Cowichan’s Merridale yurts provide a unique accommodation experience

Large yurt at Merridale Estate Cidery, Cobble Hill, Vancouver Island, British ColumbiaMy husband and myself are pretty much up for almost any experience during our travels, but when I suggested staying in a yurt for a couple of nights he looked askance at me. I was considering the yurt offerings at Merridale Estate Cidery at the time, which are most definitely not what you would call rough camping.

With a little cajoling hubby agreed to join me (otherwise he was going to miss out on three wonderful days in the Cowichan Valley, so it didn’t take a lot of convincing.) The Merridale yurts offered a lot of amenities and a new experience for both of us.

Interior of large yurt at Merridale Estate Cidery, Cobble Hill, Vancouver Island, British Columbia

A comfy bed and a claw foot tub – not exactly rough camping!

Yurts are portable bentwood-framed dwelling structures that were traditionally used by Turkish nomads.  The ones used at Merridale and other locations across North America utilize high-tech materials and are highly engineered, making them more of a permanent structure than an easily transportable home.  The evolution  from a moveable round felt tent-like structure to our home-away-from home at Merridale was quite remarkable and, thankfully, probably a lot more comfortable than the original designs.

Essentially the Merridale yurts are similar to a one-room cabin. The round structure – no sharp edges or corners – imparts a serenity and coziness not found in many accommodations.

Reclining easy chairs inside large yurt at Merridale Estate Cidery, Cobble Hill, Vancouver Island, British Columbia

Nice sitting area with recliners and a fireplace

We stayed in the large yurt, which offered many of the comforts of home, including two bathrooms.  There was a cozy sitting area replete with reclining armchairs, a lovely deep claw-foot tub and a warming gas fireplace that helped keep the place warm even in early Spring. Returning to the yurt each evening after a busy day of exploring the Cowichan Valley was a real pleasure – soft lighting and firelight infused our evenings with coziness and warmth. When we tucked in to the comfortable bed we could look through the skylight above us, and the Spring song of frogs at the nearby pond lulled us to sleep.

There is no WiFi, television or telephone at the yurts at Merridale so being ‘unplugged’ added to the relaxing effect.

There is a kettle and coffee supplies at the yurt, so we began each day lolling about in bed with a hot beverage.  Unfortunately the weather wasn’t conducive to sitting on the deck when we visited, but I could envision myself enjoying my first coffee of the day out there in warmer weather.

We headed up to the Merridale Bistro around 10 each morning, where we were served scrumptious fresh-baked goods, fresh fruit, yogurt and a cornucopia of other flavourful and healthy breakfast items.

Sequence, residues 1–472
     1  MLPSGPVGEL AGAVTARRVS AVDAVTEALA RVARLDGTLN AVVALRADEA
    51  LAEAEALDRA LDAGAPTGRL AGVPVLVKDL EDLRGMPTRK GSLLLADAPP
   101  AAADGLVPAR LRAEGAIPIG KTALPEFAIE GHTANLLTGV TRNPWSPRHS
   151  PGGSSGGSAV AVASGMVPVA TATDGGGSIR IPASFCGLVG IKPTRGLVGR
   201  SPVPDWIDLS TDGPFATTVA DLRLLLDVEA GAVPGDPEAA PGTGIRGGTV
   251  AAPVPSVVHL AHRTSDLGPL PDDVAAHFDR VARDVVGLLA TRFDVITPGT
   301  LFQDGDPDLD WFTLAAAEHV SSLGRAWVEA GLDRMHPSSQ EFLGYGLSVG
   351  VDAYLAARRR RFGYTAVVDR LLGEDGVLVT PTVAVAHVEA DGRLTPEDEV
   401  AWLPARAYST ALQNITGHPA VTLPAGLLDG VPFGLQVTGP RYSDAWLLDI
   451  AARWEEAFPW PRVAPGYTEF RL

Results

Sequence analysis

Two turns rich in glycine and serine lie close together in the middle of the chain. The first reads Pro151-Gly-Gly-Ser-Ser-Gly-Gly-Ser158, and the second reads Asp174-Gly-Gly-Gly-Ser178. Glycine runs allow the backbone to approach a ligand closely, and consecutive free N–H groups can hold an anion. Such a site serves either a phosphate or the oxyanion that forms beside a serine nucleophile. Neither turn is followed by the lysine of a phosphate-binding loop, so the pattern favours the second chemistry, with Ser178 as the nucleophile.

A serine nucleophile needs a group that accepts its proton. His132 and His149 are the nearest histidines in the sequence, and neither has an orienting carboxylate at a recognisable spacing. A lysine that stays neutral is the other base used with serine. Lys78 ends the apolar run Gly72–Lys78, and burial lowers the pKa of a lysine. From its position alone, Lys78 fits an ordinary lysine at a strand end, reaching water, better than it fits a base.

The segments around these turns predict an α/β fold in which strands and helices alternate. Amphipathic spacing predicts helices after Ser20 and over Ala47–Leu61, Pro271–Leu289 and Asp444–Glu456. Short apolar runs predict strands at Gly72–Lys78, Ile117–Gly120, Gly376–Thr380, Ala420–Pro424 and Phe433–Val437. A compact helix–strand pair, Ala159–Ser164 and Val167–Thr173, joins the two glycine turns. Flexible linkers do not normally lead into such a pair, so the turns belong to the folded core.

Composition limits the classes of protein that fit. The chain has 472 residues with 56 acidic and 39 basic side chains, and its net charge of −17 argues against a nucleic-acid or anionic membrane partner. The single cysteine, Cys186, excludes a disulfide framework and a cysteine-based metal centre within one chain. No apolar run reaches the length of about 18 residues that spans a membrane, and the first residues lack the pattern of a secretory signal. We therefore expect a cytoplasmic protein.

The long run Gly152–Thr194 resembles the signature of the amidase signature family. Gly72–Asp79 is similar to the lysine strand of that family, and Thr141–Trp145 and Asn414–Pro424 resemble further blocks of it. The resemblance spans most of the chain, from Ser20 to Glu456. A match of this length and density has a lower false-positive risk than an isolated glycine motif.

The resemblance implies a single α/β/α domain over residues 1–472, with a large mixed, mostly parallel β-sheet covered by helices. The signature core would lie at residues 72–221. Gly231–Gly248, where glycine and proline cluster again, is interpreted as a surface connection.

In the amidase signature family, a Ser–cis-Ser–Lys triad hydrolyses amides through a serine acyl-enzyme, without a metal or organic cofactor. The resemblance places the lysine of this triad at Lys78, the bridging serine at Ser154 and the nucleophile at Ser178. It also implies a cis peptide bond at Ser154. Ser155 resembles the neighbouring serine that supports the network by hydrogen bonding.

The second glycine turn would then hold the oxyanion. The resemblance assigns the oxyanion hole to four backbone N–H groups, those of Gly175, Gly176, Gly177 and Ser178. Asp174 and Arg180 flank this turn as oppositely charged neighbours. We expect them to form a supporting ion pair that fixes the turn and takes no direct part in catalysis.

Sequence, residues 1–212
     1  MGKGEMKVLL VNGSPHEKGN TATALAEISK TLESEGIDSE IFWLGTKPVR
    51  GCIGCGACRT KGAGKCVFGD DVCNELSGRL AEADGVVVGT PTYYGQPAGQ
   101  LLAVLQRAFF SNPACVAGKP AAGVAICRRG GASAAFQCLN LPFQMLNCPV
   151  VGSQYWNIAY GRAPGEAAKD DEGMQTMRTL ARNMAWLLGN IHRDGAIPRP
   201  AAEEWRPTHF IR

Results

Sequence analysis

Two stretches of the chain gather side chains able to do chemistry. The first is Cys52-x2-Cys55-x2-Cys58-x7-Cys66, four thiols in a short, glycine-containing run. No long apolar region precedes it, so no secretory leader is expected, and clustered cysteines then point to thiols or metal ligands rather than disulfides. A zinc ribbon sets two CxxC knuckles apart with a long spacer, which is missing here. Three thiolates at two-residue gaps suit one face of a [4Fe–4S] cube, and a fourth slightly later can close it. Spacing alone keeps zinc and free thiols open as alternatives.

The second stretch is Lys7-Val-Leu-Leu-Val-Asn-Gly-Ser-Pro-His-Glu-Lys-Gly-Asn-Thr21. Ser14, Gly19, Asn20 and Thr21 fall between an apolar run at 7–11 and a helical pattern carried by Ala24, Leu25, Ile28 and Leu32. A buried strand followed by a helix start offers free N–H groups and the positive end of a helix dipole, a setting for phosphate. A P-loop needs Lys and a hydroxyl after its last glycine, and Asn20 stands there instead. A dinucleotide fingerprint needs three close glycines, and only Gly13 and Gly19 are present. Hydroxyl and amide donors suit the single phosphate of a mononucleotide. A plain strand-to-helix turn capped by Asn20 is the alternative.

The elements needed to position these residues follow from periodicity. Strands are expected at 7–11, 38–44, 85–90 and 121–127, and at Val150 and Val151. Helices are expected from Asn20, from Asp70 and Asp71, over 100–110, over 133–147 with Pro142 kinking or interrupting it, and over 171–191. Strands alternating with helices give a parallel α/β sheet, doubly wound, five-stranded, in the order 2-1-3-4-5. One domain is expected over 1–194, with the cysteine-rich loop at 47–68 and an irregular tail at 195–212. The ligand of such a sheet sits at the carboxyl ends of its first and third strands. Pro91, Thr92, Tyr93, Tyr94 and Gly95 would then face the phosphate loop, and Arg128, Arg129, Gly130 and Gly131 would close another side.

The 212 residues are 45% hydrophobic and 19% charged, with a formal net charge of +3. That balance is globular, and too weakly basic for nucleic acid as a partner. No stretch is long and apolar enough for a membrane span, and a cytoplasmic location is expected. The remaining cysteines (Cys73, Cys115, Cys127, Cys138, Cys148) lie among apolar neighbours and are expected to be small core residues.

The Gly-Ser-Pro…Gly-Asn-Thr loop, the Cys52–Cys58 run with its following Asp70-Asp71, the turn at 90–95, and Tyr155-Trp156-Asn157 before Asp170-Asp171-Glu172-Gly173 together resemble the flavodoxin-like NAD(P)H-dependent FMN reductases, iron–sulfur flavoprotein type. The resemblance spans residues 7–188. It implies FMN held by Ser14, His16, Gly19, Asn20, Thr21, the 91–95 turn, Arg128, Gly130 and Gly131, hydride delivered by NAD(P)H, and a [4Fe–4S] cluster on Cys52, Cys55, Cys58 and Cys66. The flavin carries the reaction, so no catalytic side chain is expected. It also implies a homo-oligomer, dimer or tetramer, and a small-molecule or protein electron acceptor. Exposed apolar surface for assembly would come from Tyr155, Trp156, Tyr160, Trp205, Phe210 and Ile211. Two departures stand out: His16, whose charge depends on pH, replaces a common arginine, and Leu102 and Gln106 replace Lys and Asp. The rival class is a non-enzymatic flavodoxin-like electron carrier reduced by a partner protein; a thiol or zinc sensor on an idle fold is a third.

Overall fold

All told, staying in the Merridale yurts was a unique and lovely experience.  Even the over-zealous rooster who woke us each morning had his charms – it made for a true ‘country’ experience.

Deck view from the large yurt at Merricale Estate Cidery, Cobble Hill, Vancouver Island, British Columbia

The view from the deck

If you are considering the Merridale yurts, there is plenty to do at the place without ever leaving the property.  I wandered through the extensive apple orchards, enjoying the fresh Spring air and the sounds of nature.  There are cider tastings and great food at the bistro, a shop offering gourmet food items.  There is a spa on-site, and you can enjoy a self-guided tour of the cellar to learn about the cider making process.  There is never a dull moment at Merridale, but the rural ambiance permeates everything, leaving visitors delighted and relaxed.

            Further information on Merridale Estate Cidery and the yurts can be found at the website:

Merridale Estate Cidery is located at 1230 Merridale Road, Cobble Hill

GPS co-ordinates are:

Lat. 48.664441  Long. -123.586655

N 48 39.866 W 123 35.199


About Shirley

More years ago than I like to remember, I completed the Journalism program at Vancouver Community College and launched straight into a career as a newspaper reporter (thanks to my journalism professor Nick Russell and an opening at the venerable daily Alberni Valley Times.) My work as a news reporter/feature writer/columnist and ultimately, newspaper and magazine editor, took me to many interesting places and introduced me to hundreds of interesting characters over the years. I loved every minute of it, but burnout caught up with me while I was trying to juggle the simultaneous editing of five trade magazines, and for 27 years I abandoned my keyboard (on a professional basis, at least) and followed my heart in a variety of other careers. In 2010 I returned to the journalistic fold, thanks to the encouragement (nay – nagging!) of my husband. I feel no regret – only great joy to be back at the keyboard, and to be spending time interviewing interesting folks and discovering great places.
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